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7.15 (a) Left mainstem bronchus. (b) Left cranial lung lobe. (c) Left caudal lung lobe. (d) Deep subsegmental airways. Drawn by S. J. Elmhurst BA Hons (www.livingart.org.uk) and reproduced with her permission.
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7.16 Equipment required to perform bronchoalveolar lavage.
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7.17 Bronchial brush cytology sampling technique.
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7.18 Changes in the trachea associated with tracheobronchitis. (Courtesy of T McCarthy)
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7.19 Mucopurulent secretions in the trachea of a cat with tracheobronchitis. (Courtesy of T McCarthy)
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7.20 Mild cervical tracheal collapse. (Courtesy of T McCarthy)
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7.21 Moderate intrathoracic tracheal collapse. (Courtesy of T McCarthy)
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7.22 Lateral view of a dog with severe extrathoracic and intrathoracic tracheal collapse. The dog showed chronic cough and dyspnoea.
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7.23 (a–e) Examples of severe intrathoracic mainstem bronchial collapse. (Courtesy of T McCarthy)
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7.24 (a) Severe intrathoracic tracheal collapse in a dog. (b) Appearance of the trachea following placement of an intraluminal stent. (Courtesy of T McCarthy)
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7.25 (a) Deformed tracheal rings and (b) foamy airway secretions in a brachycephalic puppy with tracheal hypoplasia. (Courtesy of T McCarthy)
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7.26 (a) nodules on the tracheal mucosal surface. (b) Severe airway collapse at the carina caused by an extraluminal mass.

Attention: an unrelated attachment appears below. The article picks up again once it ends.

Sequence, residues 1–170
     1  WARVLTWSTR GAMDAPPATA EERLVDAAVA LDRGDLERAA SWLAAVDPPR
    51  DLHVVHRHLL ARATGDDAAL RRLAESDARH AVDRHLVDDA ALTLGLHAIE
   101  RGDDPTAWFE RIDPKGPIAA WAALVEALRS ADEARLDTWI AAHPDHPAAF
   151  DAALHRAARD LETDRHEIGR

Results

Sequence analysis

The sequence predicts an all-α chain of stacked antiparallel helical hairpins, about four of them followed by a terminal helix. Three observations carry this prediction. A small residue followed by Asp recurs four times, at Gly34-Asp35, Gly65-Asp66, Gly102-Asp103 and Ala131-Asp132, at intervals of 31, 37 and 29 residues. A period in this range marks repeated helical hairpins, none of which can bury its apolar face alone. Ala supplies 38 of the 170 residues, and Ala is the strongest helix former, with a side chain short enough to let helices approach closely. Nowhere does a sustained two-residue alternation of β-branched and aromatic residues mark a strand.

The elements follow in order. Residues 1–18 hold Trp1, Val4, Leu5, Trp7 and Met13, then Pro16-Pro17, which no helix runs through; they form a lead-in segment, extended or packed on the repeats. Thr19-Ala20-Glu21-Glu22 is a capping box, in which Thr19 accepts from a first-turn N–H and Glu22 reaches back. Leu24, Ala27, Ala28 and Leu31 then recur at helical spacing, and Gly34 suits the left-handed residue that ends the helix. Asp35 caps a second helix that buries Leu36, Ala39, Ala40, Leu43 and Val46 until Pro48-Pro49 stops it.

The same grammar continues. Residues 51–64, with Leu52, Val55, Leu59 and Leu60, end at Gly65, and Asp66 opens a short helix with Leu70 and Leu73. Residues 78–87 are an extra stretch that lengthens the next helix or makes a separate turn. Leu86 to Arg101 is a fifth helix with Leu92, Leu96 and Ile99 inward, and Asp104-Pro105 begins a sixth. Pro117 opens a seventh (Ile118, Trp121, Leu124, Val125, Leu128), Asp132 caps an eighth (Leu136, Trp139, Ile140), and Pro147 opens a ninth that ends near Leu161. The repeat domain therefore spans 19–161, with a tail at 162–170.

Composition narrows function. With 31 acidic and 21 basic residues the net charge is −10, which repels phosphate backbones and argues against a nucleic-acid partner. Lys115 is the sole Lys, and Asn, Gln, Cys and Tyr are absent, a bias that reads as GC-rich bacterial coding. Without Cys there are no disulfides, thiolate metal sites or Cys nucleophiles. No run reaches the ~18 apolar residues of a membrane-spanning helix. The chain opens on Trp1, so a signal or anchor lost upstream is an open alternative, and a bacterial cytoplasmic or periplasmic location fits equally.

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7.27 (a) Blunting at the carina is seen in this chronically irritated airway. (b) Granulomatous inflammation associated with coccidioidomycosis in a young dog. (Courtesy of K Gulikers)
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7.28 Pulmonary oedema seen in the airways of a patient with heart failure.
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7.29 (a) Removal of a foreign body from a deep airway. (b) The foreign body (a grass stalk) after removal.

Supplements

Epiglottic retroversion.

Epiglottic retroversion – intermittent spontaneous retroflexion of the epiglottis during inspiration causing obstruction of the rima glottidis.

Bilateral laryngeal paralysis in a cat.

Bilateral laryngeal paralysis in a cat. (Courtesy of S Gadson)

Laryngeal carcinoma in a cat.

Laryngeal carcinoma in a cat. (Courtesy of S Gadson)

Grade III collapsing trachea in a Chihuahua.

Grade III collapsing trachea in a Chihuahua. (Courtesy of T Hoffmann)

Endoscopic removal of a grass stalk foreign body from the airway of a dog.

Endoscopic removal of a grass stalk foreign body from the airway of a dog.